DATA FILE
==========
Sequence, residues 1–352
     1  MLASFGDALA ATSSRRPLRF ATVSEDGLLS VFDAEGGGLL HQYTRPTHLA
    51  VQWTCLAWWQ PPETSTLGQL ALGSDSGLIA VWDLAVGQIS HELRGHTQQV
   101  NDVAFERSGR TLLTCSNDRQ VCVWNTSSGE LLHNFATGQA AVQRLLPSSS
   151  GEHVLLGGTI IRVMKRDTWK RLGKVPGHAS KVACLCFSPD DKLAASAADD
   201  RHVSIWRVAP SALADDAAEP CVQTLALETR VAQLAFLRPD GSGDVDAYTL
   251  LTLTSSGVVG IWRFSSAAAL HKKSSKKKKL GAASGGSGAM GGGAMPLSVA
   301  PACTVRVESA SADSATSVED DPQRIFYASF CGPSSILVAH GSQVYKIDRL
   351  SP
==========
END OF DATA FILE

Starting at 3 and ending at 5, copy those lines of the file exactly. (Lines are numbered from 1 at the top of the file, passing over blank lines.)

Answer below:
    51  VQWTCLAWWQ PPETSTLGQL ALGSDSGLIA VWDLAVGQIS HELRGHTQQV
   101  NDVAFERSGR TLLTCSNDRQ VCVWNTSSGE LLHNFATGQA AVQRLLPSSS
   151  GEHVLLGGTI IRVMKRDTWK RLGKVPGHAS KVACLCFSPD DKLAASAADD